SNAPSHOT2 min read

Which developed stock markets look cheap when you look back and to the future?

Individual stock market valuation indicators often give a misleading picture. It's only when you combine them that you get a full understanding of what's going on.



Duncan Lamont, CFA
Head of Strategic Research, Schroders

If you only looked at the UK market's trailing price/earnings (P/E) multiple, you could conclude that it was on the cheap side. This is a backward-looking measure which compares a company’s share price with its earnings over the past 12 months.

Alternatively you can look to the market’s future earnings prospects, by using the forward P/E. This compares a company’s share price with expectations for its earnings over the next 12 months .

By this measure the market looks expensive because the earnings outlook is poor.

In other words, looking to the future reveals there is a reason behind the UK’s apparent cheapness.

The chart below shows a two-dimensional analysis of developed stock market valuations, which allows a richer appreciation of where, if anywhere, looks cheap.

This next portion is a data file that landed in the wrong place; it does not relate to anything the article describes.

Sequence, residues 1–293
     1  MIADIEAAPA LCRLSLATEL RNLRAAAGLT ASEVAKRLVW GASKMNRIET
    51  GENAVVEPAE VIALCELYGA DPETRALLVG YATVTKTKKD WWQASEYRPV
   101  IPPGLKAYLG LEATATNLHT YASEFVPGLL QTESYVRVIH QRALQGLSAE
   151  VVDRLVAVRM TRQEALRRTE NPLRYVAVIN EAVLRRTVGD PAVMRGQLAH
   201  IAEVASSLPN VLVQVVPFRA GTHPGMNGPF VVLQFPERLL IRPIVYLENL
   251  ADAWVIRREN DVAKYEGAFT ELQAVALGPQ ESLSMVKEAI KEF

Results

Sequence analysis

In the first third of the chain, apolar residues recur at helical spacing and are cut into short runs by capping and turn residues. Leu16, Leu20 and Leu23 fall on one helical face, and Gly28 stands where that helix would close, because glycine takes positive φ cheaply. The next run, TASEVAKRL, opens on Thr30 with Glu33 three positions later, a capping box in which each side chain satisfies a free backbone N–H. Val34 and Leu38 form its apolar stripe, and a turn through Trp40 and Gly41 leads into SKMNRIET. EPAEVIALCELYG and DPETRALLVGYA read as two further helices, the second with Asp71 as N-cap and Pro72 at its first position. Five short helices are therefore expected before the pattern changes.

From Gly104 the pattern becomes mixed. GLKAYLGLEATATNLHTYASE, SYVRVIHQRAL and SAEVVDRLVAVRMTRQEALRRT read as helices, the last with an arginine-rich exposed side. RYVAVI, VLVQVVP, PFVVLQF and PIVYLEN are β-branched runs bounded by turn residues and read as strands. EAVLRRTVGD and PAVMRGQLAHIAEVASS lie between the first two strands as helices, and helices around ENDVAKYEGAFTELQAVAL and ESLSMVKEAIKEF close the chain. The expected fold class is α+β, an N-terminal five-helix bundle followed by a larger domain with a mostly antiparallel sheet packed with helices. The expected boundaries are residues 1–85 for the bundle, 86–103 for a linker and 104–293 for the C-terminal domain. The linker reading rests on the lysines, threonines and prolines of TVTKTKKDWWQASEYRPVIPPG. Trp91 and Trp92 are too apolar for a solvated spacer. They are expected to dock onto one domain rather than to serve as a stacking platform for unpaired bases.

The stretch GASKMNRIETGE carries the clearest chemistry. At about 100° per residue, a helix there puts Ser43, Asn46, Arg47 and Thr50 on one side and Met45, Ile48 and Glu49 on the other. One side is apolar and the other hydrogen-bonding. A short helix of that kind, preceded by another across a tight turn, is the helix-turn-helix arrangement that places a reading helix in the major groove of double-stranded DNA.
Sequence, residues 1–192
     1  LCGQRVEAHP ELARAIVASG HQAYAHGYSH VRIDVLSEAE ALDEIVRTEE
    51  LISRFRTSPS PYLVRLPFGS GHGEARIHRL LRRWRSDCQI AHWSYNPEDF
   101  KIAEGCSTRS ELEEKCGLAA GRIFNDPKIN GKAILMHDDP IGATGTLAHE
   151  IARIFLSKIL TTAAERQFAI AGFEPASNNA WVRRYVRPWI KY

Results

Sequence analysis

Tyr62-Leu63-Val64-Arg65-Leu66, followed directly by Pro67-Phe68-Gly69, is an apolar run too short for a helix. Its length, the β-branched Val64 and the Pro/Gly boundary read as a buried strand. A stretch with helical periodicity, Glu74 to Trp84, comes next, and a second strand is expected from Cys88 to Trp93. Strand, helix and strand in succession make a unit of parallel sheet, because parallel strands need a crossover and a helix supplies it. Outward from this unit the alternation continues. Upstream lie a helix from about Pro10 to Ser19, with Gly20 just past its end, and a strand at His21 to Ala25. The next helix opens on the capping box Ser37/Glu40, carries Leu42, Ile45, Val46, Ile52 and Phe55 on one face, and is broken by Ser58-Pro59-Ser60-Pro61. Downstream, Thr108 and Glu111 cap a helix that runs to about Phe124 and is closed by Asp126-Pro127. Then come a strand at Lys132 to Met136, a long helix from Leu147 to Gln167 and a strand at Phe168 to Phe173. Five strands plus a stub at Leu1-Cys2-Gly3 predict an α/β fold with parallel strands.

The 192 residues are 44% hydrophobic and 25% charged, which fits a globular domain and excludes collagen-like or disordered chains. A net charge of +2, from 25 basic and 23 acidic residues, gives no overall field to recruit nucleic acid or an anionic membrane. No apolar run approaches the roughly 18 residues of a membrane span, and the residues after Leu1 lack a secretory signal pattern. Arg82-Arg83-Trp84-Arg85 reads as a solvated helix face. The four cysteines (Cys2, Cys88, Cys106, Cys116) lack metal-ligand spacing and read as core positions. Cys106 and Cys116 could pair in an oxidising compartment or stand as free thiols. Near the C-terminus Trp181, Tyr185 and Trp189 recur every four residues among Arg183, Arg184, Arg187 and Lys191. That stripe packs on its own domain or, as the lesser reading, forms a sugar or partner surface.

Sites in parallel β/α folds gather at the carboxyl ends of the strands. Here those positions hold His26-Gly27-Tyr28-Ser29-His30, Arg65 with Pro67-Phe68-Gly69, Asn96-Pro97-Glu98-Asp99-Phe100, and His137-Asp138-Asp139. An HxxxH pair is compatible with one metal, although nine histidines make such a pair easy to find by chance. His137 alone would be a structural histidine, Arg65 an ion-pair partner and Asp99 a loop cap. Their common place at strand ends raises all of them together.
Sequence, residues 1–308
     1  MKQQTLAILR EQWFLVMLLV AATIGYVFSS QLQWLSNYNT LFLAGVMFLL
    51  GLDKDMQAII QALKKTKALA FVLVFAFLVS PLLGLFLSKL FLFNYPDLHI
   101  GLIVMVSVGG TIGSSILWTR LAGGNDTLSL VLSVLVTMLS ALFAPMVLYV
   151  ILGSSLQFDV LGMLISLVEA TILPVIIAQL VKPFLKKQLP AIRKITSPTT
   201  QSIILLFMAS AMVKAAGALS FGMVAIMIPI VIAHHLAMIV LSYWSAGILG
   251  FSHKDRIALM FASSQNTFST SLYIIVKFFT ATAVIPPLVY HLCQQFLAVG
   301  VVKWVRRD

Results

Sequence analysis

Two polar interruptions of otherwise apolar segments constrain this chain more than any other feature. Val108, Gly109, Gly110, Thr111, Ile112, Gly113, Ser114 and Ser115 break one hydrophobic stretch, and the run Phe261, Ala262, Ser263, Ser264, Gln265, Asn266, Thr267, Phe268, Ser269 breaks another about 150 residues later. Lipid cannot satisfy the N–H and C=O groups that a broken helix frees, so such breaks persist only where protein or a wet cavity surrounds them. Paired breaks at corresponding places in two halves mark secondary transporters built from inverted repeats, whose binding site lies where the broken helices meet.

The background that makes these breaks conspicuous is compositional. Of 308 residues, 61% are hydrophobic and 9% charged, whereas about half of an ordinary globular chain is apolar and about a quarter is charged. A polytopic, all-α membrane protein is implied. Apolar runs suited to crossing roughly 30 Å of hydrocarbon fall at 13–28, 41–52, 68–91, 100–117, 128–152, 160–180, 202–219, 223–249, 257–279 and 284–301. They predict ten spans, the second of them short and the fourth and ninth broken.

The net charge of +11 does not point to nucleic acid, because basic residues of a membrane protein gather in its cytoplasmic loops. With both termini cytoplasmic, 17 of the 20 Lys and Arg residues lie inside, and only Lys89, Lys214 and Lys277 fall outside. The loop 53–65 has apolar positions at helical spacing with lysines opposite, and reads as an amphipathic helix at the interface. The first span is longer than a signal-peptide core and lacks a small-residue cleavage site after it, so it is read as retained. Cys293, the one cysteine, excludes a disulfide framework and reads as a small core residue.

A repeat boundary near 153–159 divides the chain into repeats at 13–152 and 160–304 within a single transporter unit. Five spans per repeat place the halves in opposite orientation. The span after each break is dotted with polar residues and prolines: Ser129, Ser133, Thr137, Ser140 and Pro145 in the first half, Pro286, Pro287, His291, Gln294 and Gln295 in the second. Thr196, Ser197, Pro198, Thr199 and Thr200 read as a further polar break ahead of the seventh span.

The x-axis shows how expensive or cheap a market is relative to its trailing price/earnings multiple over the past 15 years. The y-axis does the same but using the forward price/earnings multiple.

The result is a two-by-two grid. Markets in the right-hand side are expensive on a trailing price/earnings basis, with those on the left cheap. Markets in the top-half are expensive on a forward price/earnings basis, with those on the bottom-half cheap.

The top-right quadrant captures markets which are expensive on both bases. Unfortunately, this is where almost all developed markets lie today. No surprises that the US stock market is extended on both.

There are a limited number of markets, including the UK, which appear cheap on a trailing basis, but expensive on a forward basis. Not the bargains first impressions might make you might think. 

Simple messages are often the most popular (e.g. "the UK is cheap"), but reality is rarely that simple. You need to scratch beneath the surface.

Caveat: this analysis is based on valuation multiples at the overall market level. There is significant dispersion between individual sectors and companies. The hard work is unearthing those which are undervalued and/or have higher growth potential than is currently reflected in their share prices. Only active investors need apply.

Back and to the future

Developed market trailing and forward price/earnings valuation grid


Z-score is a measure of where the current level of the price/earnings multiple lies compared with its historical experience, calculated here using data over the past 15 years. A high figure indicates the current level is expensive versus history, a low level indicates it is cheap versus history.

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Duncan Lamont, CFA
Head of Strategic Research, Schroders